One voice lights the spark, millions of voices move mountains. We are at a place of critical mass, and I couldn’t be more fired up about what is to come. Don’t get me wrong there is a constant level of pissed-off-ness that runs through my everyday brain. But there is a crack in the fissure of roles, power, and influence that has taken shape over the outrageous goings on of this past year, and past 200, maybe 2000 years that is ripe and ready to burst. I truly believe that in remembering and reading and studying those that have come before us, we see and understand that this struggle is real, and real damn long and ready for an explosion. I keep saying that empathy makes us human, action makes us warriors. I am adding “words” to this phrase after reading a quote by my fierce friend and beautiful writer, Justine Musk yesterday.

Maybe the truly revolutionary thing
is to be a warrior
who can write poetry,
a lover who knows how to fight.

So, Empathy makes us human, (words and) actions makes us warriors.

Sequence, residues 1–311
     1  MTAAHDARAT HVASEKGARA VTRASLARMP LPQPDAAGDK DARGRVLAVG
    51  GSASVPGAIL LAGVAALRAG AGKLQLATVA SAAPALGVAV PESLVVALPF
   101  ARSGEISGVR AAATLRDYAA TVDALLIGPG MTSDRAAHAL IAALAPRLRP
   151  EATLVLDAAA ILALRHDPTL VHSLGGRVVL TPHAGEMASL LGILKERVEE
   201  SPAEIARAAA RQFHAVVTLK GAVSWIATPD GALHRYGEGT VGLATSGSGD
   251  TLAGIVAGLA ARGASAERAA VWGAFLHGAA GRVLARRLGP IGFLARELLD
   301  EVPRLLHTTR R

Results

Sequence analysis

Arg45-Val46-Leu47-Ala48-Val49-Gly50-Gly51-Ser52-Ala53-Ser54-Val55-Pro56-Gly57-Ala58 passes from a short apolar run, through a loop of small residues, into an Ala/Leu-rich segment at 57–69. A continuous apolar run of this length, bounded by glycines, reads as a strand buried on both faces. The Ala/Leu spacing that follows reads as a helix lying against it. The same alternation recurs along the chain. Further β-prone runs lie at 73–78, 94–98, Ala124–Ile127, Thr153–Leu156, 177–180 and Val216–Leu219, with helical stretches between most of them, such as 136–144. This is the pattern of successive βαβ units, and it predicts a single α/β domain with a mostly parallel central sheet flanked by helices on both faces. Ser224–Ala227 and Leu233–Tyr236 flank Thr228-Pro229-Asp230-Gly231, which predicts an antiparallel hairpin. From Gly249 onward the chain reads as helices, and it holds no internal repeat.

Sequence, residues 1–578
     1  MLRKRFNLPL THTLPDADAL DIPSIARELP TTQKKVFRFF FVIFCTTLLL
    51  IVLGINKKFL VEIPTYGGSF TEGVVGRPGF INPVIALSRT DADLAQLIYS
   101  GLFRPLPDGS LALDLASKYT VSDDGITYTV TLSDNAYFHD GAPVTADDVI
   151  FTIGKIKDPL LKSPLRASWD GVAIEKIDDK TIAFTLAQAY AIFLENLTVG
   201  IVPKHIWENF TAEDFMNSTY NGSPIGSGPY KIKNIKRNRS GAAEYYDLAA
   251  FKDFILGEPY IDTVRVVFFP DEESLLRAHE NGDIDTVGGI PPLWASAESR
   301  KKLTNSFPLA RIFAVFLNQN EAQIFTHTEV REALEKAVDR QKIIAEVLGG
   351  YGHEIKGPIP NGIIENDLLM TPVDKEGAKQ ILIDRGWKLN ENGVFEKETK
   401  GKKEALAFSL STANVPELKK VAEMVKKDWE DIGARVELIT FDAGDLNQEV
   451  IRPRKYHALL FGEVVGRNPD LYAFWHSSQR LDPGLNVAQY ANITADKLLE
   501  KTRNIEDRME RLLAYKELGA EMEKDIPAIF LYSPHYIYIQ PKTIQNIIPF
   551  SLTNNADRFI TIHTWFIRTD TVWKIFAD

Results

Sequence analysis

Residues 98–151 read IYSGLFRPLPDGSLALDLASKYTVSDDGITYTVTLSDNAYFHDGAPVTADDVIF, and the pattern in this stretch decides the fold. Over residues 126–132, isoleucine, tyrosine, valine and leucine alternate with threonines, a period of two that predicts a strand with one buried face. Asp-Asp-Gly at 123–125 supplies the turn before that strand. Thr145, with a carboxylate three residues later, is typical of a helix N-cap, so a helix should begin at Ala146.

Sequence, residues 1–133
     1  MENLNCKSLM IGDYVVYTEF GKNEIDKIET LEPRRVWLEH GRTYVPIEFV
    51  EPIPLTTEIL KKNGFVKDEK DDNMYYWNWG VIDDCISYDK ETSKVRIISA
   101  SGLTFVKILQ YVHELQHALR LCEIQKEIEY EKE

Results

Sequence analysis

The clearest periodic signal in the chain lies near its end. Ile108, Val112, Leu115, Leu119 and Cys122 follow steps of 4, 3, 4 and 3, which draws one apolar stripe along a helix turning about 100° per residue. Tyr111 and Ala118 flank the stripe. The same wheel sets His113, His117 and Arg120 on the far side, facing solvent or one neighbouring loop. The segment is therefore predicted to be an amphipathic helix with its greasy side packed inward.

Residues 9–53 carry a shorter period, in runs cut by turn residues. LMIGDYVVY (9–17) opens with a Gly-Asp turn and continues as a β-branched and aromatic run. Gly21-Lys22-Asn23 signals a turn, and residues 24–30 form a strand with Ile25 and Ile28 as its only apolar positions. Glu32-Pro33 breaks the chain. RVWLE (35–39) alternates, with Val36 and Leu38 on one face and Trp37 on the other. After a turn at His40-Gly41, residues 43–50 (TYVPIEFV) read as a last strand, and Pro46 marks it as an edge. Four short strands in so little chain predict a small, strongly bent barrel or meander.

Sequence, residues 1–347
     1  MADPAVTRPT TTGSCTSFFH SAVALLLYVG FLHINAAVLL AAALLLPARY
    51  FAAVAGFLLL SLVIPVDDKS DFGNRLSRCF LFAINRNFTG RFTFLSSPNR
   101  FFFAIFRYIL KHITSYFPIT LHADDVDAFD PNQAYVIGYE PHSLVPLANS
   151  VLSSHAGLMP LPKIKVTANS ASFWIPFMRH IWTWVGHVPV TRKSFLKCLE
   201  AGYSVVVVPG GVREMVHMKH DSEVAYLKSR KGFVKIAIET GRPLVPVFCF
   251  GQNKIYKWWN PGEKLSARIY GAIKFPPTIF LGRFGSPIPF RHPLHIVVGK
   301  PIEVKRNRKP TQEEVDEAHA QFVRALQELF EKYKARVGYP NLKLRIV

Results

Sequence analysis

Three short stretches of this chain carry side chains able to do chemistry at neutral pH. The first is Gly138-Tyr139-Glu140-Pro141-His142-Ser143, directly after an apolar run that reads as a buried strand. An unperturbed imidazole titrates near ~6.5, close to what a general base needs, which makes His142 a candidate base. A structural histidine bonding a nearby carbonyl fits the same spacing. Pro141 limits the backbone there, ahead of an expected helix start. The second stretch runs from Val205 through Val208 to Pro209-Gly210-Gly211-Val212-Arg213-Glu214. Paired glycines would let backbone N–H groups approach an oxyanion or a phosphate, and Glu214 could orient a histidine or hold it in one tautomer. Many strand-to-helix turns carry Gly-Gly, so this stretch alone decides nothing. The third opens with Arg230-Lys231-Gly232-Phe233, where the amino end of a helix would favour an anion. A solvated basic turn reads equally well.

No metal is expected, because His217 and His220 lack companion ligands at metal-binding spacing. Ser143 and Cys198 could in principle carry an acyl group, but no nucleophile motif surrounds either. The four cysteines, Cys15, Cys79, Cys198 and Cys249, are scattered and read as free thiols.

I want to be a warrior, a writer, a lover that also knows how to fight.

I give gratefulness, thanks, a hell yes to the women who have come before us, saying the same things that we are today. I hope that with this additional critical mass, the volume of our voices, and along with the good men in our lives, we truly change the shape of gender roles, equality for race and gender and what it means to be human for decades to come.

It has been humbling to see my adaptation continue to be produced in colleges and universities across the world and used for graduate student’s thesis projects. With thanks to Rob West, the beautiful cast and crew of our Theatre Schmeater production, Mary Jane Gibson who was an extraordinary Charlotte, to Melinda Benton-Muller for producing/directing the first college production, and to James Newman, my guidepost and editor in chief.

If you are so interested here are a few of Gilman’s other works, if they don’t get you fired up, I don’t know what will.

#togetherwerise

The Yellow Wallpaper (1892)

Women and Economics (1898)

Concerning Children (1900)

The Home (1903)

Human Work (1904)

The Man-Made World (1911)

She also founded the journal Forerunner (1909–16),

Info & rights to The Yellow Wallpaper Adaptation by Heather Newman

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Written by Head Maven & CEO, Heather Newman, Creative Maven

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Photo found on Pinterest, props to who created it. Thank you.